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Can US win small car war with Japan?

In a recent Miami News cartoon by Don Wright, the driver of a small car with a badly cracked front windshield leans out to warn another driver: "Don't go into Detroit. They're stoning Toyotas."

If Detroit automakers feel that strongly about the growing import share of the new car market, they're not letting on. They proceed -- at least for their public image -- on the premise that some American buyers always will purchase imports, but that their numbers will be far fewer once the US really enters the race with quantity small car production.

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There are those who says that US automakers should be far more concerned about the import bite, now accounting for more than one-fourth of new car sales, than they appear to be. These critics insists that as the largest auto exporters to the US, the Japanese have a significant competitive edge in cost, productivity, and quality.

"Whether it's true or not, people tend to view foreign cars as being more durable," notes Gary Ciminero, an analyst with New York's Merrill Lynch & Co. His firm does not expect the import share of the new car market to fall back to its usual 10-15 percent level for another three or four years.

US automakers say that the Japanese often have a cost advantage of $300 to $ 500 per car once it arrives in this country. The Japanese assembly-line worker is paid only about half as much an hour as his American counterpart. Detroit carmakers say this financial edge is the result of a weak yen, America's free trade policy, and the difference in the two countries' standard of living. They say they are powerless to do much about it.

What they can do, they say, is build a better car. They insist that this country is the leader in design and engineering and that Japanese automakers have no inherent technological advantage in car production over their Detroit counterparts.

"The technology of design is no different," says Alex Mair, vice-president and group executive in charge of technical personnel at General Motors. He suggests that much of what the Japanese learned in the first place was picked up on from Detroit. GM, for instance, now is suing Toyota on grounds that the Japanese company copied its catalytic converter. "Another Japanese manufacturer paid us $1 million for it," adds Mr. Mair.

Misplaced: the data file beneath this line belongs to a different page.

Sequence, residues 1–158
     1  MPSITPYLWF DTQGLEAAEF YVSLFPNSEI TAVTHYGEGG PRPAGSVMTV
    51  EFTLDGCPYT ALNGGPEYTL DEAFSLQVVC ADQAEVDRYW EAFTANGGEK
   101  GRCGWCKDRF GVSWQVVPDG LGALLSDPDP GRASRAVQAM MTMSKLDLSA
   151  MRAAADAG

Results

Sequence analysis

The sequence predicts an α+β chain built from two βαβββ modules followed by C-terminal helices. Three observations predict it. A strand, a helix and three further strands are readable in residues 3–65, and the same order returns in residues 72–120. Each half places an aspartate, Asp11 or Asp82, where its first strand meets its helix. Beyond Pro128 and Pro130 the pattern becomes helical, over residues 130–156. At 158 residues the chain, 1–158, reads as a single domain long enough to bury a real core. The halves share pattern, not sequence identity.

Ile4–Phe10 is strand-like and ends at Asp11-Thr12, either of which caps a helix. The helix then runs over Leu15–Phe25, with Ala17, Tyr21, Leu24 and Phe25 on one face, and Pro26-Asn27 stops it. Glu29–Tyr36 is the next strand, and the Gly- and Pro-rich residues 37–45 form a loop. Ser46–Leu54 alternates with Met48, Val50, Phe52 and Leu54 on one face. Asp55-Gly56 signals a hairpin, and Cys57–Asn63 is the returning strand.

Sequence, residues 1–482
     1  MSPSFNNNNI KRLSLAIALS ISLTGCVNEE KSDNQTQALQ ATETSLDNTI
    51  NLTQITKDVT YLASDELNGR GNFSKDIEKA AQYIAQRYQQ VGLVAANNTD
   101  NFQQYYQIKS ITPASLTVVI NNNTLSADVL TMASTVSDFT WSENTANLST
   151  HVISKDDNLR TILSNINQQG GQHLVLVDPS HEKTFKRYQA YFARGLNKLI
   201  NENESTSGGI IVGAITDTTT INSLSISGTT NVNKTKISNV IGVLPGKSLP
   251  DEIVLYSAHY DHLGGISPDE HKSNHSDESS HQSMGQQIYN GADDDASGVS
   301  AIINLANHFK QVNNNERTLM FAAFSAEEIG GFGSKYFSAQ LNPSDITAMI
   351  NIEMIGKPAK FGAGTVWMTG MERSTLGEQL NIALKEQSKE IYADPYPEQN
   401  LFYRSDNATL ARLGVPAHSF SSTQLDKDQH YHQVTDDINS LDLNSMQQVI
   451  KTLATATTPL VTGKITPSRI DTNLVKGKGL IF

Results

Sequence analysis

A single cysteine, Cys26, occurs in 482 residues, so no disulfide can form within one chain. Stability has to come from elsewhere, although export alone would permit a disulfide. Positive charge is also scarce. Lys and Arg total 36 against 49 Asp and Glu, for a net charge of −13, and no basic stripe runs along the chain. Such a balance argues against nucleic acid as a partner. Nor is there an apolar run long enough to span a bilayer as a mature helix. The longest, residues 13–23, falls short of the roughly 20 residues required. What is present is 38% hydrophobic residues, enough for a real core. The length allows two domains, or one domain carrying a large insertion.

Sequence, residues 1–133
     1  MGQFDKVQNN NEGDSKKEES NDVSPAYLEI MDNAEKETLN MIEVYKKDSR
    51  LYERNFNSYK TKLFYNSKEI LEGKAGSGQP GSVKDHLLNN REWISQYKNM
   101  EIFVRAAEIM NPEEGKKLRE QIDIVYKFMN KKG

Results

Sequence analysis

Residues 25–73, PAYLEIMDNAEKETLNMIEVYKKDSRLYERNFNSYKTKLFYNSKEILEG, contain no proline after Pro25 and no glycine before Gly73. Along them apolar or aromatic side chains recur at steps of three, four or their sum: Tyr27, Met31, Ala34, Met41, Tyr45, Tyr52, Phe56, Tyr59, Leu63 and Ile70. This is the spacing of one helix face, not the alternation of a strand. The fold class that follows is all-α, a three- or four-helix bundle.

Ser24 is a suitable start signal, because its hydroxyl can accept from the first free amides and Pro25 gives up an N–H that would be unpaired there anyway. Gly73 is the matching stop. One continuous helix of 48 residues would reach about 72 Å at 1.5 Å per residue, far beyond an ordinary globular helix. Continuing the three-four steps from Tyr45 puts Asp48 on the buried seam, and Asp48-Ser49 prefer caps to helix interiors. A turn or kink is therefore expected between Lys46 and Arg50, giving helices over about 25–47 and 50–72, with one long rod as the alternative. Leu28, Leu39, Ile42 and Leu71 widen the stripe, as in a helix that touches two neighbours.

Detroit automakers concede that on the whole the Japanese, who have the advantage of newer plants and equipment, are more productive. But they quarrel with the accuracy of the comparisons some critics have tried to make.

They say that trying to compare output per worker per day depends on such variables as the degree of automation used, the finished state of parts supplied for assembling, and who puts them on the line.

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"The Japanese probably have greater efficiency than we do, but we have no specific data for comparison," says Louis Ross, Ford Motor Company executive vice-president for product development. "We have a hard time determining what work content they do in their plants vs. what we do in ours."

"There's a lot of misunderstanding about the Japanese relating to automation, " adds William Harahan, Technical planning manager of Ford's manufacturing staff. "They're extraordinarily selective about what they automate, and the range varies to the same degree it does here."

The US auto industry has moved toward increasing automation in recent years -- particularly in areas of structural analysis and computerized testing. Most industry analysts say the trend is likely to increase with the massive move to new or modernized plants and equipment now under way as part of the shift to small car production.

Robots are costly, but their use is growing. One of their newest jobs is on assembly lines. In Chrysler's Belvidere, Ill., plant, which produces Dodge Omnis and Plymouth Horizons, 95 percent of the welds are done by robots.

Detroit automakers are well aware that the buying public is more quality conscious than it used to be. Automakers say the beginning design is crucial, rather than the post assembly line check for defects.

"If the design is poor, you can't build in quality by inspection," says Dale Dawkins, vice-president of American Motors product group. "The most important thing, however, is that there be an attitude about quality -- that it become a management priority."

Accordingly, the worker's attitude and involvement in what he does can also make an important difference in the quality of the final product.

"In the typical Japanese assembly plant there is no need for any testing of component parts," notes Ford's William Harahan. "They are assumed, based on worker integrity, to be quality products. At every station there's a button a worker can push to stop the line to correct a defect or catch an uncompleted component. . . . Peer pressure is an extraordinary thing."

Mr. Harahan says that he personally thinks the US labor force is "better educated and more innovative" than the Japanese and is potentially the industry's strongest asset.

Economic analysts also suggest that the day when the auto industry was a dominant force in the US economy, accounting indirectly for one of every six jobs, is also fading fast. The industry, they note, has been growing at a rate of only 1 or 2 percent a year while other parts of the economy have been growing faster.

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